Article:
Definition - What does Sodium Carbonate mean?
Sodium carbonate is an inorganic compound containing a sodium salt of carbonic acid and has an alkaline taste. Its chemical formula is Na2CO3.
Sodium carbonate is primarily used as a cleaning agent. Its other uses are in the glass and brick industries as well as being a common additive, bonding agent and electrolyte.
Sodium carbonate is corrosive to plastics and some metals like aluminum, lead, zinc and zinc brasses.
Sodium carbonate is also known as washing soda and soda ash.
Corrosionpedia explains Sodium Carbonate
Sodium carbonate is the sodium salt of carbonic acid possessing an alkaline property. Sodium carbonate forms carbonic acid and sodium hydroxide in water. It reacts with water vapor above 400 °C (752 °F) to form sodium hydroxide and carbon dioxide. It absorbs moisture and carbon dioxide from the air to form sodium bicarbonate.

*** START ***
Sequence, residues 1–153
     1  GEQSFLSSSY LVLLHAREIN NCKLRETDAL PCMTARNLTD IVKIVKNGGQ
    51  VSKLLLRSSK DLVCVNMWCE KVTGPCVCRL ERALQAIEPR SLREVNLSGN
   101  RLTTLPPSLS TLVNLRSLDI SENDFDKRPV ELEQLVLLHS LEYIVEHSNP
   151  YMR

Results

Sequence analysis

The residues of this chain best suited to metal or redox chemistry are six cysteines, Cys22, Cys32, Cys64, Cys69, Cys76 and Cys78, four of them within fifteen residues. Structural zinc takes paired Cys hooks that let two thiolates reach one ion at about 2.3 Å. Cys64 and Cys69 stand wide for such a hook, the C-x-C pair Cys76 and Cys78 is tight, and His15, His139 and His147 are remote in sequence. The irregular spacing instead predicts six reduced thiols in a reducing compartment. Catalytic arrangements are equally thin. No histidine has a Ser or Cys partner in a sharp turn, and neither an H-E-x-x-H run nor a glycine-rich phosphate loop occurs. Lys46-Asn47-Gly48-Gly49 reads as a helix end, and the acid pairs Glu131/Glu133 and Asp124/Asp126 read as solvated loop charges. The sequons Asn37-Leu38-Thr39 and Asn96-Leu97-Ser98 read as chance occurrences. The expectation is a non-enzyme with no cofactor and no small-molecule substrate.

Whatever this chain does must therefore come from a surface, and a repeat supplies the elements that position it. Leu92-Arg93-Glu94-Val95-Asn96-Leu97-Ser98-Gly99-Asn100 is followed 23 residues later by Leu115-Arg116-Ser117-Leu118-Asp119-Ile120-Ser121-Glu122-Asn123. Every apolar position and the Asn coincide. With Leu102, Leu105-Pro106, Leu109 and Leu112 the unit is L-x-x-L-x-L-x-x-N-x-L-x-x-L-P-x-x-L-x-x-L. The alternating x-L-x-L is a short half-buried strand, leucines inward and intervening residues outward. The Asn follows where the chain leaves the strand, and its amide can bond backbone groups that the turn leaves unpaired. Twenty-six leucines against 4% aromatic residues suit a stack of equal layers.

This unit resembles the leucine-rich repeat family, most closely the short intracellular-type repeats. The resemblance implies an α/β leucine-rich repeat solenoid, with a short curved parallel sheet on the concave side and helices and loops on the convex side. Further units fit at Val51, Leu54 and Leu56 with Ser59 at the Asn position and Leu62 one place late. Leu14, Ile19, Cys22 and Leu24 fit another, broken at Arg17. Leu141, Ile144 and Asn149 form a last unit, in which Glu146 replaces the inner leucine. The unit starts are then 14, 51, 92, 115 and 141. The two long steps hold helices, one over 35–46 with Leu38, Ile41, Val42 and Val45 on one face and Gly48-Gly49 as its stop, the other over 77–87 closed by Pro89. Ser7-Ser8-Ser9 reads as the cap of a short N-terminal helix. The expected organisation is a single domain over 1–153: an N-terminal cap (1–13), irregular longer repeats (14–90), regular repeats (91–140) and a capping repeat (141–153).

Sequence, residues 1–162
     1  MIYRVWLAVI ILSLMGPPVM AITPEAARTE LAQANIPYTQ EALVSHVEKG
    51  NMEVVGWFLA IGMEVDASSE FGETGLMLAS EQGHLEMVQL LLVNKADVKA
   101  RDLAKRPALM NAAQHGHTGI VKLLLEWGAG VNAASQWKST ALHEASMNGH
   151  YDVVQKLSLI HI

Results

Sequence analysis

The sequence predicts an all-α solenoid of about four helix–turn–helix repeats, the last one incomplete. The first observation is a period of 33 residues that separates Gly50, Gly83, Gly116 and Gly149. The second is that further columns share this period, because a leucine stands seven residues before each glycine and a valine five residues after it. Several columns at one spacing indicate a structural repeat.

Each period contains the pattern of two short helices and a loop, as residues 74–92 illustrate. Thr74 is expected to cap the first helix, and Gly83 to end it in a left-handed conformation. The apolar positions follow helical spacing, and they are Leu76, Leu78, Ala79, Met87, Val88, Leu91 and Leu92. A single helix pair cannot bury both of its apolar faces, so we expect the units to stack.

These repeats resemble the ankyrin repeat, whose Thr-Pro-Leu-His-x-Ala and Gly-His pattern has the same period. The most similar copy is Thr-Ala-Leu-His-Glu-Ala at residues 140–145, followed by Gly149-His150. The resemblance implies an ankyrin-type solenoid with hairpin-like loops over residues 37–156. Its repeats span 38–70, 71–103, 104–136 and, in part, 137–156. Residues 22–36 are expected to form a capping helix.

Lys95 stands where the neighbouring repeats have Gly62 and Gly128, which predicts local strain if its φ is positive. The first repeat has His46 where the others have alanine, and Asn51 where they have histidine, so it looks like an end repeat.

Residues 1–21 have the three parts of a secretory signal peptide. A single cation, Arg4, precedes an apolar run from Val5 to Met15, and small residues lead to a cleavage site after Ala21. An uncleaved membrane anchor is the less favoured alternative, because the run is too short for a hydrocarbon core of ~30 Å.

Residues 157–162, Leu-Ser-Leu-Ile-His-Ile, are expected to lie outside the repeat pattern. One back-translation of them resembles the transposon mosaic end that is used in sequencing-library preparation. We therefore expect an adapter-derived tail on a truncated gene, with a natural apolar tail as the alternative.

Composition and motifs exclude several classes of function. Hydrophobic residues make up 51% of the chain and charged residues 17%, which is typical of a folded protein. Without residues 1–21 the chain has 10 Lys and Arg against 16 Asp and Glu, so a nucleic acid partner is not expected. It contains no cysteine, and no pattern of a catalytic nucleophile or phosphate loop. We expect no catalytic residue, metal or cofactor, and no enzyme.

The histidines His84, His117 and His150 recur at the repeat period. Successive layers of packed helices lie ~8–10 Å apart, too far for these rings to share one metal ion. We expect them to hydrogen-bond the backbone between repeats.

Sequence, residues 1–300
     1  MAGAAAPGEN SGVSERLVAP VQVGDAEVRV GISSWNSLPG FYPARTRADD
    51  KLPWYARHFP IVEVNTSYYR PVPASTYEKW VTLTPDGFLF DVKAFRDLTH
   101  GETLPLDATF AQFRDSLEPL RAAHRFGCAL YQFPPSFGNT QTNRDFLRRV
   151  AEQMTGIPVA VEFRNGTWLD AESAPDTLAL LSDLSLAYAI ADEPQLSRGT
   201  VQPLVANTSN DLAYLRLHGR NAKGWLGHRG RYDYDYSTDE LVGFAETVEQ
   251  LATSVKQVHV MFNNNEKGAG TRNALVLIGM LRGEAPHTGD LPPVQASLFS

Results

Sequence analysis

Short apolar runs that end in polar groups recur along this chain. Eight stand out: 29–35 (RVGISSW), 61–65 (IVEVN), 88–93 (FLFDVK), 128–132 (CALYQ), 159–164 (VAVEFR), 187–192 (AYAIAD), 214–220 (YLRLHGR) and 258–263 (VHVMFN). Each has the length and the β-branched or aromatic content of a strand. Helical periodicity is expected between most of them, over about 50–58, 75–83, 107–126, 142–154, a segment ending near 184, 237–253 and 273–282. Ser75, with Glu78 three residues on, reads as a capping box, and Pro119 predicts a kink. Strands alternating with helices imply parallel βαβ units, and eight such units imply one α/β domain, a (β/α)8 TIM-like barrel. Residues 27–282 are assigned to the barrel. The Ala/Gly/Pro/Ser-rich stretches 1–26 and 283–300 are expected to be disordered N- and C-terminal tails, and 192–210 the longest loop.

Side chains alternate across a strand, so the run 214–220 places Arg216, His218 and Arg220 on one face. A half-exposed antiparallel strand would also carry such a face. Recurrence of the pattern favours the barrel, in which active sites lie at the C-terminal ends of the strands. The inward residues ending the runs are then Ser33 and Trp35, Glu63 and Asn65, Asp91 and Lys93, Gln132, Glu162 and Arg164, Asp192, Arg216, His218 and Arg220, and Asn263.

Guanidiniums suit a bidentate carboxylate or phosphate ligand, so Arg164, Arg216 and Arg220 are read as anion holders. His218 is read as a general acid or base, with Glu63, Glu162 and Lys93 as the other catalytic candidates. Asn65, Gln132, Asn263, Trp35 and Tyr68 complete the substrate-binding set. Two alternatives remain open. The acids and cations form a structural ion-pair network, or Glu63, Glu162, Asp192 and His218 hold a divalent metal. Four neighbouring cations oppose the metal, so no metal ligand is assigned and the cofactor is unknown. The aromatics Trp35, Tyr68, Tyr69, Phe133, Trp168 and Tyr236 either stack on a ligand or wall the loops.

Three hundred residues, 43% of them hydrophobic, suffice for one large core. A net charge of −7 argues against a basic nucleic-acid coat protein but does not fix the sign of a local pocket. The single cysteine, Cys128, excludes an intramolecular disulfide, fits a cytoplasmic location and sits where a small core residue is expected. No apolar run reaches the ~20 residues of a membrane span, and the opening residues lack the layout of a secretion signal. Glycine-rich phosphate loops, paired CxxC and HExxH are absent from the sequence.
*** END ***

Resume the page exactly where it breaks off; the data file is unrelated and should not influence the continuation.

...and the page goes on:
Some common uses for sodium carbonate:
- Adsorbents and absorbents
- Water softening
- Laundry detergent additive to lather more effectively
- Bleaching agents
- Finishing agents
- Processing aids, specific to petroleum production
- Solids separation agents
Sodium carbonate can attack both metals and non-metals. Its solutions (35% concentration) are corrosive to aluminum, lead, and zinc and zinc brasses at 21 °C (69.8 °F). Its solid form is corrosive to aluminum at 100% relative humidity and normal temperatures. Its solutions are not corrosive to other common metals, like stainless steel, carbon steel, nickel cast iron, nickel and nickel-base alloys.
Sodium carbonate solutions also attack some plastics, such as polyacrylates and polysulfides. Its solutions do not attack acrylonitrile-butadiene-styrene (ABS), chlorinated polyvinyl chloride (CPVC), nylon, polyethylene, polypropylene, polyvinyl chloride (PVC), Teflon, other fluorocarbons and some elastomers.
Sodium carbonate can cause caustic embrittlement and disbondment to materials and it can be used as a scale inhibitor in boiler feed water.